Rep. Kevin Cramer (R-N.D.) in Bismarck in May 2016. (Charles Rex Arbogast/AP)

Republican Rep. Kevin Cramer of North Dakota said Thursday that he intends to run for Senate against Democratic Sen. Heidi Heitkamp, setting up a tough race for the incumbent in a state President Trump won by a huge margin.

Cramer, who had announced just a month ago that he was passing on the race, told reporters at the Capitol that he had a change of heart in part because of witnessing important legislation, including the tax cut bill, squeak through the closely divided Senate.

“It’s more the significance of the United States Senate and the fragility of the majority that motivates me to give greater weight to that larger issue than just simply my family,” he said.

With signs that the $1.5 trillion tax cut bill is growing in popularity, Cramer predicted that Heitkamp’s vote against it could prove “fatal” for her, and he said he’d probably be making it a focus of his campaign.

“The vote that mattered, she failed on,” he said.

Cramer’s kickoff announcement is scheduled for Friday evening in Bismarck.

Cramer has been a strong supporter of Trump, and the president encouraged him to run. His entry into the race is good news for Republicans as they seek to defend and expand their narrow 51-to-49 majority in the Senate.

Heitkamp is a top target, along with a handful of other Senate Democrats up for reelection in states Trump won big, including Missouri, West Virginia and Indiana.

In a statement, the Democratic Senatorial Campaign Committee dismissed Cramer’s candidacy.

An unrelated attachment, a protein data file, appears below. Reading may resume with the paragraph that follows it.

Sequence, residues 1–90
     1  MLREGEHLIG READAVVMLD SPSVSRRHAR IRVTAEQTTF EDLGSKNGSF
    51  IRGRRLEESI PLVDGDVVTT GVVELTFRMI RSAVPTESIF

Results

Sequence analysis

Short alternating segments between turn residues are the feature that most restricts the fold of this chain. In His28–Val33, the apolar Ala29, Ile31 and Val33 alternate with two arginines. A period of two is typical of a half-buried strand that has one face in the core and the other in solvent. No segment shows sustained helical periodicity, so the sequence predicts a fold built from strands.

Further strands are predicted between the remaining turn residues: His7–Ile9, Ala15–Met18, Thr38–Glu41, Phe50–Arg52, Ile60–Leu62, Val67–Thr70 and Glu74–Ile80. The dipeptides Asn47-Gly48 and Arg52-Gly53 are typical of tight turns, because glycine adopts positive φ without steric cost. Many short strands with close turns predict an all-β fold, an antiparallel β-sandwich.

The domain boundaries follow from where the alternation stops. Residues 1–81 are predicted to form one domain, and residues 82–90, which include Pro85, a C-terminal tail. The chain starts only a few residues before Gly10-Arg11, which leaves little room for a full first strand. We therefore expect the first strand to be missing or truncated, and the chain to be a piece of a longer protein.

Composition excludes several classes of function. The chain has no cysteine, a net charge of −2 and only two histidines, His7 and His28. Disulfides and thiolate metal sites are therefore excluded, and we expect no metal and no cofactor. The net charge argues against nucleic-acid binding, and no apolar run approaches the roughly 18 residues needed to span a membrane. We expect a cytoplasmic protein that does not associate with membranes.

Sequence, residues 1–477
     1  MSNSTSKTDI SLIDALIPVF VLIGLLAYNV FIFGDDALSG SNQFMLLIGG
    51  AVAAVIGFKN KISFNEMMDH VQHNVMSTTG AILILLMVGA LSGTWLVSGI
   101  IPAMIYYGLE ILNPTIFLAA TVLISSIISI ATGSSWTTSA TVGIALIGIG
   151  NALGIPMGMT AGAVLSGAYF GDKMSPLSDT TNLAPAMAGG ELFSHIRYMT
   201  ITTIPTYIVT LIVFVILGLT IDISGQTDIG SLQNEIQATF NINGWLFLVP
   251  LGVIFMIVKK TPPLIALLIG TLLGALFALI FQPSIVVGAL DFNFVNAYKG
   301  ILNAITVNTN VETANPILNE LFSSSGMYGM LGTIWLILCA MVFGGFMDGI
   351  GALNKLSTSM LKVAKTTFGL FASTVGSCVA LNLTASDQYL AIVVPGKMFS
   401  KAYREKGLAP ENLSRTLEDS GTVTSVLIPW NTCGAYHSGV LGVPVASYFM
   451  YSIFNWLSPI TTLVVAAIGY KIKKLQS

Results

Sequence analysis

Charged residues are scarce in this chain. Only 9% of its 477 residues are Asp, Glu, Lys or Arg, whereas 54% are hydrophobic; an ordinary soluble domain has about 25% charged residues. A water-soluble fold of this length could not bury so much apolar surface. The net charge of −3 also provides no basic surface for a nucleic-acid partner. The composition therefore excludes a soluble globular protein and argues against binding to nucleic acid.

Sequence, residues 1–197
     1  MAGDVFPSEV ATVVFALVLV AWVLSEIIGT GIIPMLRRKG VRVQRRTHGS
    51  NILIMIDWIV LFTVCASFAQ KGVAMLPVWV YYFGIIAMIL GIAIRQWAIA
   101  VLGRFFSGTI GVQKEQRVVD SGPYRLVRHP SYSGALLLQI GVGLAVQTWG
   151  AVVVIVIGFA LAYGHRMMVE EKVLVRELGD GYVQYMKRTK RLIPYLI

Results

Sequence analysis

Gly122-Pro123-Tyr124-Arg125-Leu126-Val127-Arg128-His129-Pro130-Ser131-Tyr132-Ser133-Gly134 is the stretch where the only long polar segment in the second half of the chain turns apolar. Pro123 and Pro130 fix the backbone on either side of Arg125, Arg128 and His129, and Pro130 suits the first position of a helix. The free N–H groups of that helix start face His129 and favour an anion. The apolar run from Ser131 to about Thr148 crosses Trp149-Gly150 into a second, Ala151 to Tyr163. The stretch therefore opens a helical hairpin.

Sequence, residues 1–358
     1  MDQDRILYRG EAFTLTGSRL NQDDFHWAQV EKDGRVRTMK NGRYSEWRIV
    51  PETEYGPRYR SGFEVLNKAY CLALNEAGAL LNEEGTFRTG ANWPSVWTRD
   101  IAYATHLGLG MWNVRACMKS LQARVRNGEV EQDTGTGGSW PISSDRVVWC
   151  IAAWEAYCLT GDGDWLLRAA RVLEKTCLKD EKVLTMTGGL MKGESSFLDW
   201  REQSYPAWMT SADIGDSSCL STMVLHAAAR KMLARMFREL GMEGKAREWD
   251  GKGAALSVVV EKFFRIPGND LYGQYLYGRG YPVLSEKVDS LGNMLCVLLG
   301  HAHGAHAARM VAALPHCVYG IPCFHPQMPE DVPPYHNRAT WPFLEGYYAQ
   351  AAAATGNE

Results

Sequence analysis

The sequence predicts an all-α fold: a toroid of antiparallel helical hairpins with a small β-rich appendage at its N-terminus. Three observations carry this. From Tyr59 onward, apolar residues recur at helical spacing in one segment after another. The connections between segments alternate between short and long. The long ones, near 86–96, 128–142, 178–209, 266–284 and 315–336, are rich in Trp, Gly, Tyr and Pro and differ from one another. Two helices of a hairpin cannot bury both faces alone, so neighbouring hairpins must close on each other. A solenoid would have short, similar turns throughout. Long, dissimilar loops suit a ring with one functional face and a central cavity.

“Washington Republicans are in for a rude awakening now that they’ve tipped the scales for a congressman who has shown time and again he’ll do what’s best for his own interests,” said DSCC spokesman David Bergstein. “Voters will see right through Congressman Cramer and hold him accountable for a self-serving record that has hurt North Dakotans.”

Cramer said that Heitkamp’s recent vote against moving forward on a late-term abortion ban “lit up the phones, frankly,” especially after news coverage in North Dakota showed that Heitkamp had high-fived Senate Minority Leader Charles E. Schumer (D-N.Y.).

“Her sort of celebratory motions afterward on the floor with Leader Schumer just sent hundreds of North Dakotans to contact me and encourage me,” Cramer said. “So Kris and I just decided we have to reconsider in light of that call, and so that’s what prompted us to take another look at it.”

Kris Cramer is Kevin Cramer’s wife.

A PolitiFact investigation determined that rather than a high-five, the encounter between Heitkamp and Schumer on the floor during the vote was simply an awkward greeting.